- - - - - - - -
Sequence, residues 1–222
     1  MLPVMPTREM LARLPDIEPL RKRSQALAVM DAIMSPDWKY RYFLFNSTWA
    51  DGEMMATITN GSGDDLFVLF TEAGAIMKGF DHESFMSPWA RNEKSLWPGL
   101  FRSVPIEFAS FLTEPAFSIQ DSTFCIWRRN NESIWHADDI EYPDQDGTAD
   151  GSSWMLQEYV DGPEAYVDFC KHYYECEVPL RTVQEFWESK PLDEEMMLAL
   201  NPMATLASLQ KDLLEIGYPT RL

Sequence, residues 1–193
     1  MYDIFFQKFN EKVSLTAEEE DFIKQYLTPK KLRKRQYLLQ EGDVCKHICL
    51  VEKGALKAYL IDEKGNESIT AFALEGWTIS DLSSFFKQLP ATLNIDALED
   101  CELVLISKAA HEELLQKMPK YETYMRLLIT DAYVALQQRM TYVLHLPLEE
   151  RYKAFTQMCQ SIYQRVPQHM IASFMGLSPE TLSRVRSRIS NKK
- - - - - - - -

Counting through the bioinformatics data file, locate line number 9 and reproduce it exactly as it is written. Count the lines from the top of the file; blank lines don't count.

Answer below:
    51  VEKGALKAYL IDEKGNESIT AFALEGWTIS DLSSFFKQLP ATLNIDALED